The General Medical Council’s (GMC) appeal against a “lenient” sanction imposed by a MPT is dismissed in case involving doctor accused clinical failings and professional misconduct.
The MPT Hearing was held to consider alleged misconduct by Dr Ahmed in relation to two patients, “Patient A” and “Patient B”. The allegations against Dr Ahmed were that:
- following a consultation with Patient A on 8 February 2015, it is alleged that Dr Ahmed located her account on Facebook and sent a friend request to her, and that this was sexually motivated and in pursuit of a sexual relationship. It is also alleged that during a consultation with Patient A on 25 April 2015, Dr Ahmed failed to carry out an adequate assessment of Patient A, including failing to arrange for an x-ray of Patient A’s hip, administering medication that was neither adequate nor sufficient and failing to keep an adequate record. It is also alleged that Dr Ahmed failed to ensure that Patient A’s father, as her chaperone, had a full view of the consultation.
- following a consultation with Patient B in November 2014 at Salford NHS Trust, Dr Ahmed used Patient B’s medical records to obtain her personal details to send her a friend request on Facebook and WhatsApp messages to her mobile telephone. It is alleged that Dr Ahmed’s messages to Patient B were of a sexual nature, encouraging Patient B to meet with him, and that Dr Ahmed sought to engage in a sexual relationship with Patient B.
The MPT found that some, but not all, of the allegations against Dr Ahmed were proved and that there was misconduct in relation to each patient. It also found that Dr Ahmed’s fitness to practise was impaired as a result of his misconduct. It determined that the appropriate sanction was a suspension of Dr Ahmed’s registration for a period of two months. In reaching its decision on sanction, the MPT took into account, among other things, that Dr Ahmed had been subject to an interim order of suspension for four months. It did not direct a review in Dr Ahmed’s case as it considered that a review would serve no useful purpose. Finally, the MPT determined that it was not necessary to impose an immediate order of suspension.
The GMC appealed under section 40A(1)(a) of the Medical Act 1983 on the ground that the MPT’s determination of a sanction of two months’ suspension is insufficient to protect the public since it: (i) failed to address adequately the Sanctions Guidance on erasure; and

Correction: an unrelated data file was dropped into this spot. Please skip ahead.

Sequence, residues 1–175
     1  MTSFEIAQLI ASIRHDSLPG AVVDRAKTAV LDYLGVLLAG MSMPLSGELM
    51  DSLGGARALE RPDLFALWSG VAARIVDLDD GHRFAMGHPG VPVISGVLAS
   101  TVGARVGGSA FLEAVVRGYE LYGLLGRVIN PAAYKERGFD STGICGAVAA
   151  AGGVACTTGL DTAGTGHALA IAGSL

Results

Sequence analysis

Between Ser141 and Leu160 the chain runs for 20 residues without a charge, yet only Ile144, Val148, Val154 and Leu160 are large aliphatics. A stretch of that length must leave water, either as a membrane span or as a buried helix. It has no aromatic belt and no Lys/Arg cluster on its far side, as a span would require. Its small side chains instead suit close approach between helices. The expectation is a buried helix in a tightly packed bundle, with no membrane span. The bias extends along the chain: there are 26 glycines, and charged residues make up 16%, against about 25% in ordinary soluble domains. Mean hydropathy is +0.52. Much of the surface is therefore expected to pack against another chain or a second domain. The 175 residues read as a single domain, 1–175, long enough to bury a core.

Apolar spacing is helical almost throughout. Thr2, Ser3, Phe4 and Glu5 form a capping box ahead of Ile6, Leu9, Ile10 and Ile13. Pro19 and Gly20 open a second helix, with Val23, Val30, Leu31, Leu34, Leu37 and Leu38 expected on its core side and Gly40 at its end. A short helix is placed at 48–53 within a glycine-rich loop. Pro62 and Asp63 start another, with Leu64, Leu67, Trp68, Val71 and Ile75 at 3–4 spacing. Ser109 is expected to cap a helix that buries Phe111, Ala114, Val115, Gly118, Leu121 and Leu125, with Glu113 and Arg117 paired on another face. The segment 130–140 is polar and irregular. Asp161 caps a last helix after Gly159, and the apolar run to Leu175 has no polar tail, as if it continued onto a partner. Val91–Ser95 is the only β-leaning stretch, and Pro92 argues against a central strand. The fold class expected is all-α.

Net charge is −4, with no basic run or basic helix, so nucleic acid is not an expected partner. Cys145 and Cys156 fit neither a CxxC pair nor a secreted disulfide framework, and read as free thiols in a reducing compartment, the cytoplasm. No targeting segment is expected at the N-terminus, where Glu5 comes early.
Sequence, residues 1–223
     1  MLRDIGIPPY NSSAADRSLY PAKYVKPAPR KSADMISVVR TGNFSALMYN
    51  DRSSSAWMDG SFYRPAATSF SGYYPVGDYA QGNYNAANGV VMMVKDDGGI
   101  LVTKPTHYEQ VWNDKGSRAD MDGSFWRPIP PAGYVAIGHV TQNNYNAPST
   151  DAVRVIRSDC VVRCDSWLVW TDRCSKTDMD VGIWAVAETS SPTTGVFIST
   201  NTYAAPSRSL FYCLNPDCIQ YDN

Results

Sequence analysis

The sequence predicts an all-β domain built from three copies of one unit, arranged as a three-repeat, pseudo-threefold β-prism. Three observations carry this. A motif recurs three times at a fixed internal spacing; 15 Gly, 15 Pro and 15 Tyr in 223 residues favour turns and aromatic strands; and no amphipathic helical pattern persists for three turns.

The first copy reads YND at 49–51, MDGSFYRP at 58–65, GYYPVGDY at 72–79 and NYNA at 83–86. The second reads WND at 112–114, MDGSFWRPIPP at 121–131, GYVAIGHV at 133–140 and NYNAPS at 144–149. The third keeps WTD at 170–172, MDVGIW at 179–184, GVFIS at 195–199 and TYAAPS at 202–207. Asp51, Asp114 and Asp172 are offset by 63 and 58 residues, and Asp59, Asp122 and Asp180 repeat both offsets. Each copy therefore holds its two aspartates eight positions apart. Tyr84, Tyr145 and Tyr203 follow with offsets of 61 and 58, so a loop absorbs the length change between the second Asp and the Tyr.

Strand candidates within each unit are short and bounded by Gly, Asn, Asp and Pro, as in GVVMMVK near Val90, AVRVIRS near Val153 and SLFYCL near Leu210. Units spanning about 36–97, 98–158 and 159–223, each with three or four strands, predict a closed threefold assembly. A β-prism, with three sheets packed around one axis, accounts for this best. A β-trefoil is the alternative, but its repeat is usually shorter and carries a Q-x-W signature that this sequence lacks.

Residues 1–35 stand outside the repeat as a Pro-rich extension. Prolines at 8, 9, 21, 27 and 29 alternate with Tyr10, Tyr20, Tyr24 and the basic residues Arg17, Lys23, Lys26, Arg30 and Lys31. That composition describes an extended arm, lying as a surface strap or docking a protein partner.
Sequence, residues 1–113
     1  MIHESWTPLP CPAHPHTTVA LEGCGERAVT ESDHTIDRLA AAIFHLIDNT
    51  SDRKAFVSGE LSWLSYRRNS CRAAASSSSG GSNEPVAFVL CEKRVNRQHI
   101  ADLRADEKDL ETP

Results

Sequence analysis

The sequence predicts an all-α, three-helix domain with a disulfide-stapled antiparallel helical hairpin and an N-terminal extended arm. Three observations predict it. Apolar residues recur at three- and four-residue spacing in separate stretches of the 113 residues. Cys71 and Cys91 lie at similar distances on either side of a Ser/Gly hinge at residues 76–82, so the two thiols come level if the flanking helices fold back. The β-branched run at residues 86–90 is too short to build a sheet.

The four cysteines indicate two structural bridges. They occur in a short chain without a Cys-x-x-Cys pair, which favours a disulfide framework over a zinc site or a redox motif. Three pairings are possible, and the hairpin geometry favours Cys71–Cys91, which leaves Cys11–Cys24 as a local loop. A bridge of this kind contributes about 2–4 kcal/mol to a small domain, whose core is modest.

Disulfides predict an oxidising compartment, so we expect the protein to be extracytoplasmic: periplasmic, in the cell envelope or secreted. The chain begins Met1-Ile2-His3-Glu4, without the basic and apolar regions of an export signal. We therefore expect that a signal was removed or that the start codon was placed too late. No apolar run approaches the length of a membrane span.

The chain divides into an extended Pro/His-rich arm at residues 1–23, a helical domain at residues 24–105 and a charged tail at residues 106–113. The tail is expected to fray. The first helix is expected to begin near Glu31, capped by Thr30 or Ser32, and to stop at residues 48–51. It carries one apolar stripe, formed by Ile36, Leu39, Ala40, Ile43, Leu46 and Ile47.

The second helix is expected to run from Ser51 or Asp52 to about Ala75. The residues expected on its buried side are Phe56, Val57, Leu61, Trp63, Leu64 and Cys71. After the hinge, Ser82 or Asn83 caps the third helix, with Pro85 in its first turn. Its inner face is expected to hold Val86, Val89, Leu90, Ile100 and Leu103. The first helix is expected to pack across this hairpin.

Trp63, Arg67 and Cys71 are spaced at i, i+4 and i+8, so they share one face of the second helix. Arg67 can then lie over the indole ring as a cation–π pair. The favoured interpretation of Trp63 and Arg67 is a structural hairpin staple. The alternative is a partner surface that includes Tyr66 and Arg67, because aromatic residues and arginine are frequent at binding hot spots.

(ii) imposed a sanction that was simply insufficient to reflect the seriousness of Dr Ahmed’s misconduct.
In brief, the GMC sough to persuade the High Court that this was not a case where the MPT enjoyed a significant advantage over the Court in reaching its determination as this appeal does not relate to any clinical matters. It further argued that although the MPT set out parts of the Sanctions Guidance in the Sanction Determination, the list was non-exhaustive regarding factors that, if present, may indicate that erasure is appropriate. Finally, it argued that the MPT failed to explain its conclusion that erasure would be disproportionate by reference to relevant parts of the Sanctions Guidance.
Mr Justice Murray however dismissed the GMC’s appeal saying:
“… the MPT was entitled to conclude, in all the circumstances, including Dr Ahmed’s having already served an interim suspension of four months, and bearing in mind that this was not a case involving any threat to patient health or safety, that a suspension of two months in this case was sufficient to maintain public confidence in the medical profession and to maintain proper professional standards and conduct for members of the medical profession.
“It is sufficiently clear from a reading of the Sanction Determination as a whole that the MPT reached the view that ordering a review would serve no useful purpose on the basis of the same factors that led it to conclude that a suspension of only two months would be sufficient in this case.
“Having regard to paragraph 166 of the Sanctions Guidance, it would have been better had the MPT provided a fuller explanation of its decision not to order a review. In my view, however, it was open to the MPT, having regard to all the circumstances, to conclude that a review in this case would serve no useful purpose.”